February 13 The Twenty-second Day of the Wuhan City Closure
Yesterday I dreamed of buying vegetables in a very big vegetable market. I bought tomatoes and looked for potatoes. After buying potatoes I looked for eggplant. After buying eggplant I bought cauliflower. After I bought cauliflower, I looked for cucumber. Ah, why couldn’t I find cucumber? I walked around and around but I didn’t see it, so I went back to where I started and looked again.
This is the second time I’ve dreamed about the epidemic. The first time was two days after the city closure. One evening I dreamed that I was sealed tightly in a protective suit (naturally I have never worn a protective suit). No matter how hard I struggled, I could not get out of it. There was less and less air in my suit. The more worried I got the more labored my breathing became. In the end I could only breathe in great gasps. In my the depths of my dream I really did feel I was suffocating and badly frightened as I got less and less oxygen. I suddenly woke up and took a deep breath. My whole body shook and tensed up before finally I could relax.
Today several news items shook me up.
The first was the news that Shanghai Mayor Ying Yong was transferred to Hubei to become the new Hubei Communist Party Committee Secretary. That new was the neighborhood chat groups and the chat groups of my friends on WeChat. Shanghai friends also talked about him. However I really don’t care about the rise and fall of officials. No matter whether it is Ying Yong or Jiang Chaoliang, they all belong to that army of poisonous bugs that have been taking over every level and every nook and cranny of the Mainland China bureaucracy for many years. This is a just a sleight of hand that addresses symptoms but not the disease. So what difference will it make.
The second item is that at noon today Hubei Province finally announced its long-delayed decision to delay the return to work. Now the February 21 is the day set to go back to work. That amount to saving me a week of vacation leave. The day to return to work had originally set to February 14. They only send out the notice today. They had not consideration for the many people outside Wuhan who were on their way back to the city.
A friend had originally planned to drive herself back to Wuhan today. She got up early and went out the door to go though the formalities for entering the city. “I had to take one piece of paper to four different places to get four different stamps!” Even more frustrating was she had to wait in line for half an hour or more at each place. When she was going get the third stamp it was time for the noon break in government offices so he had to wait for the workers to come back at 2:30. When I told her about the notice that the return to work had been delayed, you can just imagine at how angry she got. It is absolutely ridiculous that a place where people routing pay with their smartphones and where the electronic service delivery is so highly developed would, especially during the emergency, still have people standing in line to get documents their stamped.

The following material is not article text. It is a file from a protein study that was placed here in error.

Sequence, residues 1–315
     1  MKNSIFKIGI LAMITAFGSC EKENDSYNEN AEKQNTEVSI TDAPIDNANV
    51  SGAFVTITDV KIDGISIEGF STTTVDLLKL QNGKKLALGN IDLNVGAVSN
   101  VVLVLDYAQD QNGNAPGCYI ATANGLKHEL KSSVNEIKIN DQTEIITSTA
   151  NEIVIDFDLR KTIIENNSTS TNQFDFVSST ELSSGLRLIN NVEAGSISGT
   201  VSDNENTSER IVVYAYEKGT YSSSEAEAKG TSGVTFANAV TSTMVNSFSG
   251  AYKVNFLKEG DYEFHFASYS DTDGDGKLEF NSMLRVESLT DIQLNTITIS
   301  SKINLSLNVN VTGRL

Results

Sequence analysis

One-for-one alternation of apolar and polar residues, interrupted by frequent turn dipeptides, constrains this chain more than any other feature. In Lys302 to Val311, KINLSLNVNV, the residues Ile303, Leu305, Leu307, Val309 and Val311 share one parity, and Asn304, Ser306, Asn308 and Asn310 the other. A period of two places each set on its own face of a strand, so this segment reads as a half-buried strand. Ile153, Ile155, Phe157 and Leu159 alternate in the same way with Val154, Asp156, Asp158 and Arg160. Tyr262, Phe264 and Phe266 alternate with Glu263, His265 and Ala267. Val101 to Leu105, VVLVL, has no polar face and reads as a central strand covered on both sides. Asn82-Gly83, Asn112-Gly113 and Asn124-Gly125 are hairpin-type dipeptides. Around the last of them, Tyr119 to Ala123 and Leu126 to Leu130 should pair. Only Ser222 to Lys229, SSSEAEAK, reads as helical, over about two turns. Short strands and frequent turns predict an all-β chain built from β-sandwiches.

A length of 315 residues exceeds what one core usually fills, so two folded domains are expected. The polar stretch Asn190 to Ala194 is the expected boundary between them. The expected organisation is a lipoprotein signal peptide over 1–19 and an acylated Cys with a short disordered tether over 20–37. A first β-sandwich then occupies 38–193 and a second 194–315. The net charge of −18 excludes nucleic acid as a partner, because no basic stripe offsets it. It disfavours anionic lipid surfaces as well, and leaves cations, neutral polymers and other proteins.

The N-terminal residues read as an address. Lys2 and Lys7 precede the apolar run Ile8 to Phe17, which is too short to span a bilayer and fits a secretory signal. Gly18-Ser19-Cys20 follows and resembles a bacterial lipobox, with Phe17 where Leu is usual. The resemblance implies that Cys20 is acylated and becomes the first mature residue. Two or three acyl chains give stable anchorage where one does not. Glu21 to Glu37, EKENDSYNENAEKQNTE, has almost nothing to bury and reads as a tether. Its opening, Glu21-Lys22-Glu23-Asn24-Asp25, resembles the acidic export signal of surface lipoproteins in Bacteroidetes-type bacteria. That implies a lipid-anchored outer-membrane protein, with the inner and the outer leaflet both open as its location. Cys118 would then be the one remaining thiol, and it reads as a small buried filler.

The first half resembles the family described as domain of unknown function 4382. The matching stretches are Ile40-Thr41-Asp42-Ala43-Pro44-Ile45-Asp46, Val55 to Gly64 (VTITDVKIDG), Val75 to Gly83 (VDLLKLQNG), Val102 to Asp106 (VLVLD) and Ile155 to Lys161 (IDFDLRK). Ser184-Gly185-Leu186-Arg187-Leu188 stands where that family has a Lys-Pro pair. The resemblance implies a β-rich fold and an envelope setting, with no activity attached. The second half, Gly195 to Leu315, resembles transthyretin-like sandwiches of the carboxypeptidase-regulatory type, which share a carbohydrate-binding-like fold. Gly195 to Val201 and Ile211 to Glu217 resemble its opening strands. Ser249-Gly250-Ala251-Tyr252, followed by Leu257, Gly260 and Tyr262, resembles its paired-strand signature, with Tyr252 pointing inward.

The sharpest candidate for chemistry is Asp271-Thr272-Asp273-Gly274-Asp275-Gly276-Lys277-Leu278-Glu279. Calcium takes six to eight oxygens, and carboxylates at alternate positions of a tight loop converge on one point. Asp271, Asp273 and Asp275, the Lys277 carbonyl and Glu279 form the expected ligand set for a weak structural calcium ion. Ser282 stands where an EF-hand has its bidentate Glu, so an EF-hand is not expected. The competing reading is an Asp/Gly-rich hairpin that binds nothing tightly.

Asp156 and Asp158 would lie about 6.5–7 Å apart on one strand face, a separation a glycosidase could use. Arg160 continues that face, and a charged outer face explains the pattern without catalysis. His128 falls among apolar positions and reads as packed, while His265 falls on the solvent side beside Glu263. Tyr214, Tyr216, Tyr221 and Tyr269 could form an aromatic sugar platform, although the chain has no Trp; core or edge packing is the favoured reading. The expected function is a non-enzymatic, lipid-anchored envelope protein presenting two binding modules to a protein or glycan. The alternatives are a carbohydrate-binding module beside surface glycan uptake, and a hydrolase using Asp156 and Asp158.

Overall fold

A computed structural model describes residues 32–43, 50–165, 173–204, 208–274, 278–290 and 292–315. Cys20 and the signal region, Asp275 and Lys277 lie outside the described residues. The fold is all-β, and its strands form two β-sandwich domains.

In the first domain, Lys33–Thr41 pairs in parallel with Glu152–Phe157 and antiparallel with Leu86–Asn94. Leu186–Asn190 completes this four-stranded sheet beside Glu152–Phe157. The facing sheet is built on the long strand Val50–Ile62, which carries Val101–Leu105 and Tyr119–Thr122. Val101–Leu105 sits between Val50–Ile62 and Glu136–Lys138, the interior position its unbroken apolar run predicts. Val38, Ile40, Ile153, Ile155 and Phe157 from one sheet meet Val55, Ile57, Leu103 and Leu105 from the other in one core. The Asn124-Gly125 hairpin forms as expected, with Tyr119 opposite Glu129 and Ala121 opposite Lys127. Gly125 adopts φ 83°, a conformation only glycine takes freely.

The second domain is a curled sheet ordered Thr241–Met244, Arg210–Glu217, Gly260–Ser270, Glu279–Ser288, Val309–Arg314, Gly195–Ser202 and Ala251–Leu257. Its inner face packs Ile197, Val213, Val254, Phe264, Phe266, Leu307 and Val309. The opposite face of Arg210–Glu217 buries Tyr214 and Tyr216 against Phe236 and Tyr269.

The last news report I saw in my friends’ WeChat chat group. The protagonist is a acquaintance who was infected with the new coronavirus pneumonia. When his condition became serious, the hospital issue him a certification of critical condition. Now he has completely recovered. It is, in fact, an “upbeat” report. This grabbed my attention because we had met several days before he was admitted to the hospital. He told me then that he had had a low-grade fever for several days. I assumed it was a cold and so asked him to take good care of himself. Later, because the city closed, we didn’t have much contact and I didn’t know that he had been admitted to the hospital…. I don’t know how I should describe my feelings. Maybe I feel lucky, maybe I think it was miraculous. That today I can calmly sit here typing is something that I really thank my immune system for.
Yesterday evening several other news items also grabbed my attention.
The first is the “Wuhan Evening News” published a news story “Ten Days After Her Miscarriage, a Female Nurse in her Twenties Returned to the Front-lines”. Apart from that story, there was another similar type of story a video entitled “A Nurse in the Ninth Month of Her Pregnancy Insisted on Remaining at Her Post on the Front lines” circulated online. Those two brave women deserve our gratitude. Officials, however, should not encourage and praise that kind of behavior because it runs counter to humanitarian values.